The Basics

Effective posters have three traits:

  • The information is written clearly and concisely.
  • The information is presented in a way that places the meaning of the text ahead of the style that it is presented in.
  • The poster is displayed in areas that are highly visible.

Readability: Writing Clearly and Concisely

Readability is a function of both information and word selection. Select only the information that is crucial to the meaning of the text, no more, no less. Any word that can be eliminated without negatively altering the meaning of the text should be eliminated.

Posters advertising programs should, in their most basic incarnations, contain the following:

  • The ‘name’ of the program
  • Where the program is being held and at what time.
  • Cost and any other program necessities, if applicable.
  • A brief summary of the program.

Remember that posters serve as a reminder for things that you have presented at floor meetings and shouldn’t serve as a substitute.

Readability for posters that are part of passive programs involves similar considerations. Each page should make one point and one point only, thereby enhancing their comprehension and retention.

Legibility: Simple and Clear Presentation

Legibility is a function of typeface choice and size, image choice, page layout, and paper colour, amongst other things. Ideally, posters should be so simple that people can’t help but read them as they pass by. Most of all, legible posters are easier to make than their cluttered, less legible counterparts. Legibility can be enhanced easily and in many ways:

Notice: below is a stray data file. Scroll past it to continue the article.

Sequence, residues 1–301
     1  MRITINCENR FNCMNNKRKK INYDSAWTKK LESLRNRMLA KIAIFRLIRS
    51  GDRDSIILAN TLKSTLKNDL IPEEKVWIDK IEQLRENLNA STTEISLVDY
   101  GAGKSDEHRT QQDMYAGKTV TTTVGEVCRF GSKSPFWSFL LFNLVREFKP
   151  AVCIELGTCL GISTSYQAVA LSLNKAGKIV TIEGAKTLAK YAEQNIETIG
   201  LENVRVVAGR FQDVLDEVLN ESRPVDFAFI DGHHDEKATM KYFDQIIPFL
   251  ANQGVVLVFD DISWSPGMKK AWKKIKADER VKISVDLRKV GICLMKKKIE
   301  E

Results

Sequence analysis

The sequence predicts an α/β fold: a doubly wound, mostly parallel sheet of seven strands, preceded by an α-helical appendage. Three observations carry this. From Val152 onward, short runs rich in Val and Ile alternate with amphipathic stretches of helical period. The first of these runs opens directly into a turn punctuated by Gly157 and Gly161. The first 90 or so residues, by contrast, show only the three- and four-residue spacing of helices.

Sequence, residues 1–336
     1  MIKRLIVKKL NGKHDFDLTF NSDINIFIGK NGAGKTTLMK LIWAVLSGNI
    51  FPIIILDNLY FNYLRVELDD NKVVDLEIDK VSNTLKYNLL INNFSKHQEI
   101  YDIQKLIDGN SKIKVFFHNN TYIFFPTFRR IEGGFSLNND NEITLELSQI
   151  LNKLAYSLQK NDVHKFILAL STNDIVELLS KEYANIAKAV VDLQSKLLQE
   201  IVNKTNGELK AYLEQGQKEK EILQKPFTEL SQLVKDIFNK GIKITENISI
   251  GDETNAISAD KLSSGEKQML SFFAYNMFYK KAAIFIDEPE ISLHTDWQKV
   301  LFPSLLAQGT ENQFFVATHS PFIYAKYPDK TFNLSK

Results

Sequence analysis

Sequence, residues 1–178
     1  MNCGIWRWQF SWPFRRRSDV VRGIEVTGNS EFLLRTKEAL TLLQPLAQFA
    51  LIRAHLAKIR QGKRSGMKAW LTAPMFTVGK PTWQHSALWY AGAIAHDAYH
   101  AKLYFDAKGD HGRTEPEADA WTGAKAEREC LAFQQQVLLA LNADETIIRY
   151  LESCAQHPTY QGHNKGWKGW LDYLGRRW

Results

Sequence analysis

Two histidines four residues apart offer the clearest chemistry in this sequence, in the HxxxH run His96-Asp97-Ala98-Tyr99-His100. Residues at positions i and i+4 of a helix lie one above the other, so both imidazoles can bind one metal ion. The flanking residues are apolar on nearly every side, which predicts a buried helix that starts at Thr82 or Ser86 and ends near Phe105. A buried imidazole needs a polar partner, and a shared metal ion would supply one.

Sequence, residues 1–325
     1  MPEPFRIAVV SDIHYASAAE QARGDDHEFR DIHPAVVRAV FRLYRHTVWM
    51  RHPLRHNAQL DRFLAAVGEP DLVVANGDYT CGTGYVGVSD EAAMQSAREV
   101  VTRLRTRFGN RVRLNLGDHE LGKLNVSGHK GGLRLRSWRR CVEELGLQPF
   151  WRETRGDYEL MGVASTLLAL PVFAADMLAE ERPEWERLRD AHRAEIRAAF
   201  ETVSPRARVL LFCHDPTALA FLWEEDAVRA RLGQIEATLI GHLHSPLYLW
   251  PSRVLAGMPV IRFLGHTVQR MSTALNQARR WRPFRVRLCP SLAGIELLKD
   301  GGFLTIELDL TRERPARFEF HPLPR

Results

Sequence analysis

• Choose simple sans-serif typefaces. Don’t use decorative typefaces, as they are more difficult to read. Also, do not write in all capital letters as they are less distinct than lower case letters and therefore also more difficult to read. An overview of type:
    • There are three basic kinds of typefaces that you should be considering: rounded, geometric, and modernist, all of which color type differently. Rounded type is friendly, geometric type is professional and warm, and modernist type is neutral.
    • If a typeface is free, it’s probably poorly designed. Don’t use it!
    • If a typeface doesn’t have its own Wikipedia page, it’s probably poorly designed. Don’t use it!
    • Reduce page margins to as small as you can to give you more room on the page. Smaller margins allow for bigger type sizes.
    • In portrait layout you might be able to fit in five lines of text without dramatically reducing legibility. In landscape layout, four lines.
    • The attention-grabbing part of the poster (usually the name) should take up a large part of the poster.
    • Don’t use word art! It’s very difficult to read. Additionally, patterned backgrounds and decorative borders are, for the most part, unnecessary and distract from the message of your posters.
    • Use light colored paper and black text to increase text-background contrast as much as possible. Dark paper washes out the text and colored text blends into the paper because colored toner is opaque.
    • Clip art can be very effective at increasing how well your poster will be remembered when it is used carefully. Use simple line-art that is clearly relevant to the information being presented. If you’re having a hard time finding appropriate clip art for your poster, you probably shouldn’t be including any. Photographs and busy drawings tend to distract from the text, not compliment it.

Poster Placement

An advertisement or program may be well designed but it will do no good if it is never read. Posters should be placed in highly visible high-traffic areas such as:

  • Bathroom doors and stalls
  • Hallway doors leading to the dining hall and building exits.
  • Main building entrances
  • Common areas such as lounges
  • Dining hall walls near registers

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